Employers face significant cost increases for their group income protection policies if they do not prepare for big reductions in state benefits from next April warns Aon Employee Benefits.
The consultancy says the latest stage in the reduction of state provision, which takes effect from April 2017 when the ESA benefit paid to those in the ‘Work Related Activity Group’ will be significantly reduced, exposes employers that link their benefits offerings to state benefits.
Under the changes claimants will lose the Work Related Activity Component of the benefit and so will only receive the basic ESA rate. Based on current figures this represents a drop of nearly 30 per cent for those aged 25 and over. In addition, rates of ESA for those in Work Related Activity Group have been frozen for four years from April 2016.
Aon says historically many employers took the fact that individuals who were ill or disabled for an extended period received a generous state benefit when designing their GIP scheme to ensure there was an incentive to return to work. But in recent years, the Government has significantly tightened state provision. State Incapacity Benefit was replaced with Employment and Support Allowance (ESA) in 2008, with further restrictions made in 2012. State benefits are now lower, harder to qualify for and are commonly only paid for a limited period of one year, with re-qualification needed for future payments.
ESA will eventually roll into Universal Credit, which will result in even more complexity and potential restrictions for state benefits, warns Aon.
Aon Employee Benefits chief broking officer, health & benefits UK and EMEA Matthew Lawrence adds that the planned approach proposed by a small number of insurers, of implementing a default benefit basis by for example having a fixed value deductible that is not linked to state benefits, should avoid an immediate increase in benefits and costs but may end up confusing members.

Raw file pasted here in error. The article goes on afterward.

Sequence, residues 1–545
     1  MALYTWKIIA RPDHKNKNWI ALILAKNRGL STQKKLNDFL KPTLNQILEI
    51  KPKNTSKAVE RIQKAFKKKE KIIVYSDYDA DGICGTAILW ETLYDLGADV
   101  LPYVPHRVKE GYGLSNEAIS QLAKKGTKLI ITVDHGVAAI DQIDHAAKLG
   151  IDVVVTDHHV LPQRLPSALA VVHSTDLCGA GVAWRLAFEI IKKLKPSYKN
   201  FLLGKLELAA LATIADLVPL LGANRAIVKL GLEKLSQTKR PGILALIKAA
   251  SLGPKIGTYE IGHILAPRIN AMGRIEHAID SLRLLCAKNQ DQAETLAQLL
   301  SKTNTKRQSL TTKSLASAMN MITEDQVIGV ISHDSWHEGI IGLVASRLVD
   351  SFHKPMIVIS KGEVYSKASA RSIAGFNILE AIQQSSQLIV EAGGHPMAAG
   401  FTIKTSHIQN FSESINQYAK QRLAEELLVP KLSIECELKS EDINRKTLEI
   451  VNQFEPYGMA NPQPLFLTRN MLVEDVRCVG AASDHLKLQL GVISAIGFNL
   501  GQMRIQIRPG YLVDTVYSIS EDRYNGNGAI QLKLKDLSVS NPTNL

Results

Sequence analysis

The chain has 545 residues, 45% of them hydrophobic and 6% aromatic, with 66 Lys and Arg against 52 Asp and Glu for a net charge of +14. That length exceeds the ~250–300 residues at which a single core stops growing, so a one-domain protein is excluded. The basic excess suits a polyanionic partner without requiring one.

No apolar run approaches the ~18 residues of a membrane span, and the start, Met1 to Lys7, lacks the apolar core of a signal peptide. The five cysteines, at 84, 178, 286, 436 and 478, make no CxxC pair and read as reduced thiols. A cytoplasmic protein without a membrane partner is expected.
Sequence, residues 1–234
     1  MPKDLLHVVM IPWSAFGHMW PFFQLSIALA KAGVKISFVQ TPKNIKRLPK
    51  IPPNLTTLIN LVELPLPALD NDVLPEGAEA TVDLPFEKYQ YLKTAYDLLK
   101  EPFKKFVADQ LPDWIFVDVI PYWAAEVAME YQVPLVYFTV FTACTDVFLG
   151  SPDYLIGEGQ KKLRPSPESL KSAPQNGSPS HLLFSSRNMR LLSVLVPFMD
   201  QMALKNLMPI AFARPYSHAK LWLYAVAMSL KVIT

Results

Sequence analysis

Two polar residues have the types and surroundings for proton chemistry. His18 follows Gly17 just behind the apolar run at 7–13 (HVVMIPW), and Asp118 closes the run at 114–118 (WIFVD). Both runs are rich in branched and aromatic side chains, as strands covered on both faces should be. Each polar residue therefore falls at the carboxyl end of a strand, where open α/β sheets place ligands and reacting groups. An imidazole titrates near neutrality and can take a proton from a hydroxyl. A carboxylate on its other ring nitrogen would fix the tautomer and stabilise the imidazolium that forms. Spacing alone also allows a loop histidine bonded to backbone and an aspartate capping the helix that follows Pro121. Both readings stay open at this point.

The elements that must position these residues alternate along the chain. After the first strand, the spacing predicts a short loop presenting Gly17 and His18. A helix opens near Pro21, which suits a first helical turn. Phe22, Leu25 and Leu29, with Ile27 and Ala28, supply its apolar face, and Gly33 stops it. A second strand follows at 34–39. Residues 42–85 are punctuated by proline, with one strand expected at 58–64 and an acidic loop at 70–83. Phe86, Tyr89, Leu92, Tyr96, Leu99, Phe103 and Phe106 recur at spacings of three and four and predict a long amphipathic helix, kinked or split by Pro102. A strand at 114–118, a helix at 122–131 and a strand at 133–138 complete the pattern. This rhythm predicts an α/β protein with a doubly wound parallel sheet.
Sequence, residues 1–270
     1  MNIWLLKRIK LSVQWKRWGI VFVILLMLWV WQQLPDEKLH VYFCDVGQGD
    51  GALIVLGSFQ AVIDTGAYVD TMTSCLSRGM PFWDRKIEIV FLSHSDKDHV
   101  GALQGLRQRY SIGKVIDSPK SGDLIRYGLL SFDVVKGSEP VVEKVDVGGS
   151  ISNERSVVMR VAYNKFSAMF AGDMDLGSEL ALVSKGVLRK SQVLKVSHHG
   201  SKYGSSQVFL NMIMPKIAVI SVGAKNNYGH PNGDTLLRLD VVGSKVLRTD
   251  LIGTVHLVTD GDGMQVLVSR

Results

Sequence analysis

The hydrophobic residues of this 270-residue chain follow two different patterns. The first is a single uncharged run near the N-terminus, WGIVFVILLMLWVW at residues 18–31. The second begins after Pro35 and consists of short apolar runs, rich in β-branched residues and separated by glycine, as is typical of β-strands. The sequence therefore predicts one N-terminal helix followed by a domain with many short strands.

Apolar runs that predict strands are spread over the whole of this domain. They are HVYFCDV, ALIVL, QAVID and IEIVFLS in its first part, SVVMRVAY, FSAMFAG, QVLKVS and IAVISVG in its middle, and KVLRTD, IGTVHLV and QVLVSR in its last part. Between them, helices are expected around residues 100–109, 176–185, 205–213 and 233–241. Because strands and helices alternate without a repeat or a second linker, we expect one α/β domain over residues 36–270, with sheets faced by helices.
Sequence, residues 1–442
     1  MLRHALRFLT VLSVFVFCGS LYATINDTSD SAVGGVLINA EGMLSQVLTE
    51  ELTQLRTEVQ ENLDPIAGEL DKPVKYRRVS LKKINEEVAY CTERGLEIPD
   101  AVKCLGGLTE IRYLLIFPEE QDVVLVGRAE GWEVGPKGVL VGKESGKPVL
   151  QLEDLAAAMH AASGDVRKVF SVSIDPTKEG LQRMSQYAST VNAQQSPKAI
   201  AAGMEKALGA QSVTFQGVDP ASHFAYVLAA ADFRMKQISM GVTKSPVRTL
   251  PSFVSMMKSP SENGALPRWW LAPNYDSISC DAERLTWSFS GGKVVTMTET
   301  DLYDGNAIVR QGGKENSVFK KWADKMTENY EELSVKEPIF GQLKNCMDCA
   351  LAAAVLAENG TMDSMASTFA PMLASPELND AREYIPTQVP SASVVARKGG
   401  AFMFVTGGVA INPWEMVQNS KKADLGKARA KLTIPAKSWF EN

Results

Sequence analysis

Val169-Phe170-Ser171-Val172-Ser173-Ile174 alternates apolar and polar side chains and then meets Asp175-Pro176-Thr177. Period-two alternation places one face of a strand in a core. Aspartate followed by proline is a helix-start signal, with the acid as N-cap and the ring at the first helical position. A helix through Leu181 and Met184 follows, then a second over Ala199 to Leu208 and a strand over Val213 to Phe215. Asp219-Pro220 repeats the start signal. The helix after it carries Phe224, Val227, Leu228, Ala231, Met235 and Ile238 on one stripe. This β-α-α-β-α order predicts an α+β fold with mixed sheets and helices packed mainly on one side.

Lawrence says: “This issue is not new but many employers have still not taken positive action to review their insured GIP policy. They continue to have a benefit design which means that without action the level of insured benefit could increase, with significant proportionate increases for lower paid members. Consequently, employers could be subject to significant premium increases at their next rate re-test.
“While a default benefit basis is a positive step from a price perspective, it could be more confusing to members if the benefit design has an arbitrary monetary deductible. In addition, while insurers have differing default stances, we have recently seen a number of insurers change their stance, with some insurers not applying it consistently – differentiating between existing and new business. As this is an evolving situation it makes it vital that employers review their benefit design to make an informed decision rather than just rolling into their insurer’s default stance.
“The issues do not stop here. We would recommend that wherever possible any reference to state deductibles in the benefit design is removed. This can be done on a cost neutral basis. It could also potentially eliminate any implications of a ruling by the Financial Ombudsman Service, if GIP claimants who lose entitlement to state benefits, look to their employer or the insurer paying their GIP claim to top up the claim payments to make up for the lost state benefit.”